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Co-Star & Google TV Devices With Vivante GPU Cores Ready For Android JB 4.2.2 Update

Discussion in 'Vizio Co-Star' started by Wisdom, May 19, 2013.

  1. Wisdom

    Wisdom New Member

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    Google TV Devices with Vivante GPU Cores Ready for Android Jelly Bean 4.2.2 Update
    [​IMG]

    This week during the Google I/O developers conference, Vivante Corporation, providers of the world's smallest, fastest and coolest mobile GPU cores, announced product readiness for the latest Android Jelly Bean 4.2.2 operating system update ....
    SUNNYVALE, Calif. and SAN FRANCISCO, May 17, 2013. This week during the Google I/O developers conference, Vivante Corporation, providers of the world's smallest, fastest and coolest mobile GPU cores, announced product readiness for the latest Android Jelly Bean 4.2.2 operating system update. Today's Google TV™ products featuring the Vivante GC1000 IP cores ready for the update include the Sony Google TV NSZ-GS7 Internet Player, the VIZIO Google TV 3 Co-Star™, the NETGEAR NeoTV™ PRIME, the Asus CUBE, the Hisense Google TV, and the Lenovo Smart TV (sold in China) ....
    Built from the ground up for mobile and deployed in many of today's Android Jelly Bean smartphones, the Vivante GC1000 IP cores are integrated into the Marvell® ARMADA® 1500 SOC provided on the Google TV platform. The Vivante graphics cores perform complex computational processing for the latest 3D graphics and dynamic composition application programming interfaces (APIs) used to create eye popping user interfaces, realistic 3D games, GPU accelerated web applications, and live social media content. Android Jelly Bean performance is optimized with triple buffering and GPU compute as well as composition enhancements for fast, smooth and responsive user interface interactions ....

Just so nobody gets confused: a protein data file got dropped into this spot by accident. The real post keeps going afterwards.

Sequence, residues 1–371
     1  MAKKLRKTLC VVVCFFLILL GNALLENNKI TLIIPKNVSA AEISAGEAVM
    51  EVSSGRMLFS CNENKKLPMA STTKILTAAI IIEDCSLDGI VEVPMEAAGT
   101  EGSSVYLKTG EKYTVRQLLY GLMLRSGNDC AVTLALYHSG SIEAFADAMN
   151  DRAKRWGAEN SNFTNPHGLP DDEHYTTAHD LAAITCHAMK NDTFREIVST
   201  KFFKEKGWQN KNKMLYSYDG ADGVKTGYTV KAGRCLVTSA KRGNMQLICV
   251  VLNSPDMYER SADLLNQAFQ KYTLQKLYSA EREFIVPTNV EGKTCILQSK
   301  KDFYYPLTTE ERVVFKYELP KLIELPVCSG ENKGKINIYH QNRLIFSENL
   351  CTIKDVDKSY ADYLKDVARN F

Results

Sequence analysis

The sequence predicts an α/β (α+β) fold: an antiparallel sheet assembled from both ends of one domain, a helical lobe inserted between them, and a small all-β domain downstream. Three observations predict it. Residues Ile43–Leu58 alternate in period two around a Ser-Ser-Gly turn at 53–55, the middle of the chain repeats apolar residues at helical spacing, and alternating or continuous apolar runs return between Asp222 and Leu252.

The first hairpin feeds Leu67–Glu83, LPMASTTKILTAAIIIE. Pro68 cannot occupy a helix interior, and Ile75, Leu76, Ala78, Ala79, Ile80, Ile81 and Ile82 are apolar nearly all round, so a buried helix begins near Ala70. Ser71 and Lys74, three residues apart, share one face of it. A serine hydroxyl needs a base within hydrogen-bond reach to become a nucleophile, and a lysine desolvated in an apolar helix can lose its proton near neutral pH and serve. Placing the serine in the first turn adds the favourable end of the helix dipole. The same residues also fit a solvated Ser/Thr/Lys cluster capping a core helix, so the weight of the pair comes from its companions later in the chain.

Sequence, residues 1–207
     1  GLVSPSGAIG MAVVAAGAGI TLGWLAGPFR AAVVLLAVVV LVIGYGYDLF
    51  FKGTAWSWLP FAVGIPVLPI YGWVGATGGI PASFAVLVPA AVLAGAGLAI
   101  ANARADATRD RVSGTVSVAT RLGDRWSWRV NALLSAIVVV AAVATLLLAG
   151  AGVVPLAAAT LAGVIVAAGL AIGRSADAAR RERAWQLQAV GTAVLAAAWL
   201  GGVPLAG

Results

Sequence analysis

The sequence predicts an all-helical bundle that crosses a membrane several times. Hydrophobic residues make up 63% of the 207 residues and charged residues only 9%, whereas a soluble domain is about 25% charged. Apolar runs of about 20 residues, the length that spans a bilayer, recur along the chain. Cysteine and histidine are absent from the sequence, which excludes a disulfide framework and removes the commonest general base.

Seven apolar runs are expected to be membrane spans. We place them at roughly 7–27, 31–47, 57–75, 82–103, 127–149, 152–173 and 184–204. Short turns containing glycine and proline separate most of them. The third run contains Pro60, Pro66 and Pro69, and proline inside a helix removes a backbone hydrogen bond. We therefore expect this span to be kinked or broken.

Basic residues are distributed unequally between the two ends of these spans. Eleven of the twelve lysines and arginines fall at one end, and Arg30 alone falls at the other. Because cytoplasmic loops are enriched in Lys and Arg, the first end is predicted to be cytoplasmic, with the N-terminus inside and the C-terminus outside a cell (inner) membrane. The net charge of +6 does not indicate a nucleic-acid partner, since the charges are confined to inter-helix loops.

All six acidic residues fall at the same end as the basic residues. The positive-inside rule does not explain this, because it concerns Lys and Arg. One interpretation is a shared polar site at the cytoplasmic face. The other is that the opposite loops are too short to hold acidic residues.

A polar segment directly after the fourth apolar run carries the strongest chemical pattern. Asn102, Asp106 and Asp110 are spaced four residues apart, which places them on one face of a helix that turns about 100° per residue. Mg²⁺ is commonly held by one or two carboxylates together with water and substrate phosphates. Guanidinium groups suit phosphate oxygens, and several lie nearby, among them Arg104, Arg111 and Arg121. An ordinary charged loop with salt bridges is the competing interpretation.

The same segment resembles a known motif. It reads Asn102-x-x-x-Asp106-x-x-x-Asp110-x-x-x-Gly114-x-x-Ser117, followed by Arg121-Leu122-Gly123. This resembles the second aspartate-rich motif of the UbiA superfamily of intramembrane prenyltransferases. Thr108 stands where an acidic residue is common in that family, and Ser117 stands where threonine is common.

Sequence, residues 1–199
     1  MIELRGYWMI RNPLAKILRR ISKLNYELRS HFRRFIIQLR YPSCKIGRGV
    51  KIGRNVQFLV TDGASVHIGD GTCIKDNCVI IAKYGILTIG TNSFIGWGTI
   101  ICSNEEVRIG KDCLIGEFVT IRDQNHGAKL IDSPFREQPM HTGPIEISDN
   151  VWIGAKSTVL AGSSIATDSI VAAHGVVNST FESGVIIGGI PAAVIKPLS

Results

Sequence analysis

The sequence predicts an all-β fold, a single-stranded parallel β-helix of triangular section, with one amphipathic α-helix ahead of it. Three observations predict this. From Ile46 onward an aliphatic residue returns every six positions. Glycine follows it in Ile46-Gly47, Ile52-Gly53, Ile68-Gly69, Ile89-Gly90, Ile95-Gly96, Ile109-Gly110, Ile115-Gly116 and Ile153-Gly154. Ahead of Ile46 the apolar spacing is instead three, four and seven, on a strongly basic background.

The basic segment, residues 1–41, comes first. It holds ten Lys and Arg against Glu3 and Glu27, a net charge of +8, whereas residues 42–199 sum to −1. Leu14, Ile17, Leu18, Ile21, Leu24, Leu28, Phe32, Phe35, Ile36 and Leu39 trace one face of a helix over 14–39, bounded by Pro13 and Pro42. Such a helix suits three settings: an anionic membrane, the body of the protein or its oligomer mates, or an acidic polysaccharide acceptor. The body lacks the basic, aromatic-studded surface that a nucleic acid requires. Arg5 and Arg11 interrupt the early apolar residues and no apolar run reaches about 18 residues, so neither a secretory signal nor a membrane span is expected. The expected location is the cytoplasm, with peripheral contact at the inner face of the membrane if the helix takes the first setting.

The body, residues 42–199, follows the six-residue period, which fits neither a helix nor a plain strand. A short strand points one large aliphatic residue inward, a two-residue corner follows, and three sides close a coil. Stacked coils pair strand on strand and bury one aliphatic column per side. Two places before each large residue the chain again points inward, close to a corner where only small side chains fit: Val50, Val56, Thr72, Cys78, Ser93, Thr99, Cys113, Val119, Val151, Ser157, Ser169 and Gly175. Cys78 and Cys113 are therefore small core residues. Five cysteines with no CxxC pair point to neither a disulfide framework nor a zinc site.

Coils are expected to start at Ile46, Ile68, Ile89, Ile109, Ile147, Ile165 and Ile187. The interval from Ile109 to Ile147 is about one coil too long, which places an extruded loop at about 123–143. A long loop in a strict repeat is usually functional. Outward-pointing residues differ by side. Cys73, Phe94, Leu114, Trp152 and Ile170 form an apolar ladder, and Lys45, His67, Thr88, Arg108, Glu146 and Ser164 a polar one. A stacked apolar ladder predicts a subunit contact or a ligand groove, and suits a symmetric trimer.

"From games to productivity apps, music to movies, Android is rapidly becoming the OS of choice for the convergence of mobile and Smart TV technologies," said Wei-Jin Dai, Vivante President and CEO. "Vivante GC1000 cores are optimized for low-power Android devices and provide the performance required for butter smooth graphics performance of even the most complex apps and games ...."
    The rapidly-growing Google TV ecosystem including hardware manufacturers, software providers and developers are charging towards providing Interactive, on-demand and web-based media content that is best experienced when accelerated by a GPU. By combining low power, high performance graphics processing with industry initiatives like HTML 5, GPU media processing, natural user interfaces (NUI), and interactive web apps, the consumer experience is becoming more dynamic, responsive and engaging ...
    For more information on Google TV visit: www.google.com/tv. For more information on the Marvell ARMADA HD Video Processor visit: www.marvell.com/digital-entertainment/armada-1500/. Specifications of the GC1000 and other cores can be found here: www.vivantecorp.com/index.php/en/technology/3d ...